Let Them Kick You Out

Let Them Kick You Out May 26, 2023

I’ve been thinking about the threat of being asked to leave a church or other religious organization—and the power these threats can have over us. I would like to break the power of those threats, explicit or implied. In other words, I’d like to say this: Let them kick you out, if they really want to. 

I want more and more of us to find the courage to face that threat head-on. And to know that, if what we fear did happen, it would be okay. 

The Threat of Not Belonging

It makes sense that the threat of something like excommunication—usually not called that today, but the same basic idea—is a powerful thing. Humans evolved to live together in communities. This is how our vulnerable fleshy bodies have always survived. 

illustrate getting kicked out and being alone
The threat of getting kicked out is a threat of being alone / Photo by Dan Gribbin on Unsplash

And so, being cut off from a community that has sustained us is a deeply visceral threat. It’s not just the emotional pain of the loss of friendships, emotional support, a comforting space, a sense of purpose in ministering together. 

It’s all these things—and don’t get me wrong, these things are hard. But it’s also more than that. It’s also survival. 

I’d like to see more churchy leaders acknowledge this. I get the sense that some leaders aren’t quite aware of the cost of asking someone to leave their faith community—or, as often happens, making someone feel so unwelcome that that person “chooses” to leave. 

I also get the sense that some leaders are acutely aware of it. And they use this power against people anyway. They evoke the fear of not-belonging to keep people silent about things that matter to them. To control. 

Either way, the situation is not good. I think it’s helpful to speak of these things honestly.

Authority That’s Ready to Kick People Out

As in a couple of previous posts (A Crisis of Authority and Religious Authorities Are Not God), I continue to think of Julie Rodgers’ reflections in her book Outlove: A Queer Christian Survival Story.

Rodgers realized, as she puts it:

My theological beliefs were based on the authority of Evangelical leaders. Of course, Evangelicals say the Bible is their authority, but it’s interpreted in thousands of different ways…In Protestant communities, the issue of authority ultimately falls back on the individuals because we choose to believe the teachings of one theologian over another, one pastor over another. I inherently trusted conservative Evangelical leaders because I was raised in a context where they were given total power. We followed their teaching or risked being kicked out (149).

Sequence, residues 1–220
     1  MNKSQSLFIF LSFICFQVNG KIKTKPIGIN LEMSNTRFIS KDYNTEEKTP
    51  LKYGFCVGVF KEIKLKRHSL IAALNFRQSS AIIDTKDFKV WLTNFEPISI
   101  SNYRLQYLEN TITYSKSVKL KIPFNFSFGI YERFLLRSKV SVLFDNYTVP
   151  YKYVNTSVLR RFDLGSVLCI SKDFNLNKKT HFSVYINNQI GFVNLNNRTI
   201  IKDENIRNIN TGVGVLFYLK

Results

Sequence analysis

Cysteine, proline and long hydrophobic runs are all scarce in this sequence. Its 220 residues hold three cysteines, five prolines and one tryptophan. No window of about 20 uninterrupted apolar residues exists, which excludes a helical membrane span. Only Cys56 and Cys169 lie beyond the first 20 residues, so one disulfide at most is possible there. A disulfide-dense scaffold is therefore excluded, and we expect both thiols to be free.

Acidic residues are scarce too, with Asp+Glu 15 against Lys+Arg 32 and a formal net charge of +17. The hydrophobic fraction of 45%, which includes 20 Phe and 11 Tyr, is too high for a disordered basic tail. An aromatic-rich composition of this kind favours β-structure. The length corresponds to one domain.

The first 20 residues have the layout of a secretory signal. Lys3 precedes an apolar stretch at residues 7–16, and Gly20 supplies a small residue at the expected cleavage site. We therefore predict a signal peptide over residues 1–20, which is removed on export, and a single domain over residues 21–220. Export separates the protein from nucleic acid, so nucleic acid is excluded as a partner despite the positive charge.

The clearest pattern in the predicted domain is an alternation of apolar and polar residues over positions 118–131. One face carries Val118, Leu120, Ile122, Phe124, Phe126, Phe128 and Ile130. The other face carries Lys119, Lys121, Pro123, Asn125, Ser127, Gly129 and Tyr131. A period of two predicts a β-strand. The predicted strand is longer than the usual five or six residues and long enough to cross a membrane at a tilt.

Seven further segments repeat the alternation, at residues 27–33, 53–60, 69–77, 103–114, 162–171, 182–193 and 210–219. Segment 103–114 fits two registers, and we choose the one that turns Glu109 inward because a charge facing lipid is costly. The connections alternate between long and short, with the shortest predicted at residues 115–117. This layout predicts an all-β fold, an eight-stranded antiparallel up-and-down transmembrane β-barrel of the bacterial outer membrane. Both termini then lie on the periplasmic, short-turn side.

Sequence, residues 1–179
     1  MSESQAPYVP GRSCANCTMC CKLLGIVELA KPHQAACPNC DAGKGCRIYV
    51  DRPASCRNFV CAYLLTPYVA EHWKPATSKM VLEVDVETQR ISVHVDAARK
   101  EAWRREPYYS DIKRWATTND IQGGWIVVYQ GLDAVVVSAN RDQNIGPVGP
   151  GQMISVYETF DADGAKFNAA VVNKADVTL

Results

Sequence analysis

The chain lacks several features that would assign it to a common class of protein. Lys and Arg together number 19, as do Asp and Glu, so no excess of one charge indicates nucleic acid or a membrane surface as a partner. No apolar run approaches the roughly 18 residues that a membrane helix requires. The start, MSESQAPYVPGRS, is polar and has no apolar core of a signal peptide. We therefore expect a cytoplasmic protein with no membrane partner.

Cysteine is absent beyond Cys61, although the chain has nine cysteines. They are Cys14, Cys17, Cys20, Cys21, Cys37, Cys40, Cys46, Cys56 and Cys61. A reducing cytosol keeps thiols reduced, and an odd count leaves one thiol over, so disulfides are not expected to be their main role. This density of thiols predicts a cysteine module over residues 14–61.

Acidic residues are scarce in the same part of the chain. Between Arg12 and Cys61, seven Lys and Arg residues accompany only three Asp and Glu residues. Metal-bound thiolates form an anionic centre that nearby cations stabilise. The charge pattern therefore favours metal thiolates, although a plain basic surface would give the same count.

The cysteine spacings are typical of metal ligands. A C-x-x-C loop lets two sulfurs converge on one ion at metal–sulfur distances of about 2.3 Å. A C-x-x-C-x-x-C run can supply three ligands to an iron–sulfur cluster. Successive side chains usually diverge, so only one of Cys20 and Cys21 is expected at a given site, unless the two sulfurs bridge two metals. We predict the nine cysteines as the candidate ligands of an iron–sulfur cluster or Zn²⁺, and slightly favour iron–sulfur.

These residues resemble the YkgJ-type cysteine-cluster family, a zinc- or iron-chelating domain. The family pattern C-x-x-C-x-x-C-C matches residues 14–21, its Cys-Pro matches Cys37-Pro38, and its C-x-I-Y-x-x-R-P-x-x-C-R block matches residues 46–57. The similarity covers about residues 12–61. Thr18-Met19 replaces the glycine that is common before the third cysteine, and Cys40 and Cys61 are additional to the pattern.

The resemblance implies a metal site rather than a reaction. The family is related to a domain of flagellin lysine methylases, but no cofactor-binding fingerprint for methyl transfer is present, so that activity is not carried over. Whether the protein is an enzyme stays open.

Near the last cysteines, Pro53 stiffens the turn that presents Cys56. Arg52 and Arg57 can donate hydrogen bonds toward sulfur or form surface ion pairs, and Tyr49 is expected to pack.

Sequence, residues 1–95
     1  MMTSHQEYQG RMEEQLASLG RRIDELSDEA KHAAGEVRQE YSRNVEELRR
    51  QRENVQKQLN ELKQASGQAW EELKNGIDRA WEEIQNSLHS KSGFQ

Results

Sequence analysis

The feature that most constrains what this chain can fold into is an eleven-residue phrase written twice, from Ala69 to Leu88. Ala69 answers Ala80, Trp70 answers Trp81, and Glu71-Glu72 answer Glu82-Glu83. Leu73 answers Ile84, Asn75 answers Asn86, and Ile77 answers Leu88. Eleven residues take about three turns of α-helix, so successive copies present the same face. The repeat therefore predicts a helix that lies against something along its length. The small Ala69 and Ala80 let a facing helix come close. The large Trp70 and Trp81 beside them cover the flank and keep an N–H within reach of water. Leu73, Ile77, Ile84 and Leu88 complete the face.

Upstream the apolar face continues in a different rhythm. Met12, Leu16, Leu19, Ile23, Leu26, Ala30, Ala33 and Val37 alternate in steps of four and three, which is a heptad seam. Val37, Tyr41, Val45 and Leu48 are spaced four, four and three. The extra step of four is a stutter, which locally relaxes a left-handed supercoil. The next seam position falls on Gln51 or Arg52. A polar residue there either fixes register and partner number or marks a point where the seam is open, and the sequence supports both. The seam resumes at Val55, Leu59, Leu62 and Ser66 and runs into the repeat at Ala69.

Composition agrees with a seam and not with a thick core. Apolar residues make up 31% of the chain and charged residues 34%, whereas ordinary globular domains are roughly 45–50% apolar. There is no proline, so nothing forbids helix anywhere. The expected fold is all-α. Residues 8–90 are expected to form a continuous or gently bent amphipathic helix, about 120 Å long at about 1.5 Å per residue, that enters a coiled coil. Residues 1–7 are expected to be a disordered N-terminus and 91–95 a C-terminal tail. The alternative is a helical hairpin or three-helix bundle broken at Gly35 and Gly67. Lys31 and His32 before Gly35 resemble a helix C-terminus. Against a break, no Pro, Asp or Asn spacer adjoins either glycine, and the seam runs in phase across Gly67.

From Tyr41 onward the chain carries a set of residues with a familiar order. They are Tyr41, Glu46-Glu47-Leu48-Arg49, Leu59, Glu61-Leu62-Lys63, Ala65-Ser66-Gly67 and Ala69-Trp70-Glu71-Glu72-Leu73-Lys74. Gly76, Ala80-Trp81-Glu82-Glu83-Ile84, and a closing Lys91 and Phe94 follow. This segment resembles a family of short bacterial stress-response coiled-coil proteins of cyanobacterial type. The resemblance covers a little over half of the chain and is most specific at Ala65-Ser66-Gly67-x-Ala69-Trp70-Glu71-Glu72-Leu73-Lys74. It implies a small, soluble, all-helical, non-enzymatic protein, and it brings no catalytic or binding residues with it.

I was fortunate not to be raised in a context where, as Rodgers writes, “conservative Evangelical leaders…were given total power.” But I have spent some time in evangelical communities where not toeing the party line provokes all sorts of consequences—where openly questioning a received teaching means you no longer belong.

This is what I’m getting at when I say that faith is a practice, not a belief statement. We build communities of true belonging not by trying to control people’s beliefs (can we even control our own beliefs?) but by loving and welcoming everyone. By encouraging honesty. By acknowledging that we’re all on a journey together, and none of us is right about all the things. 

This is the kind of faith community I want to see. This is the kind of faith community we deserve. We deserve better than leaders who have no qualms about kicking out people who disagree with them.

Getting Kicked Out is Costly, But Often Worth It

I want to see more and more people of faith willing to live authentically as who they are and openly express the things they believe. Which means being willing to pay the cost of this integrity. Sometimes it means you have to let the powers-that-be kick you out.

I also know there’s a cost to this. And the cost is different for different people. 

Having to leave a faith community in a big city with lots of other church options that might align more closely with your real beliefs, for example, is a very different thing from having to leave a church in a small town with only one church.

Or, if getting kicked out means losing your job, a whole host of factors having to do with background and privilege (or lack thereof) might make it easier or harder for you to find a new job. Financial pressures may make getting kicked out just too costly.

We have to weigh these things. Not everyone needs to be willing to be kicked out. 

But I wish more people were. Especially those for whom the experience would be uncomfortable socially but not existentially threatening. 

Let’s Find the Courage to Get Kicked Out

Being willing to get kicked out takes courage. Can we find this courage, together? 

Because otherwise, people who are abusing their churchy power by using it to kick people out often don’t feel the cost of their abuse. When we leave quietly, the path might feel smoother and easier. But no one really wins.

We miss out on the honest conversations that could have been had, even if they are difficult. We leave others who may have similar questions or concerns feeling like they are the only ones. (Often under leadership that is more than happy to make them feel like they are the only ones.) 

Our fears about getting kicked out are valid. But, when possible, let’s not let these fears control us. 

Let’s be honest about who we are and what we’re thinking. And if it means getting kicked out of a community, that community was likely not good for us anyway.

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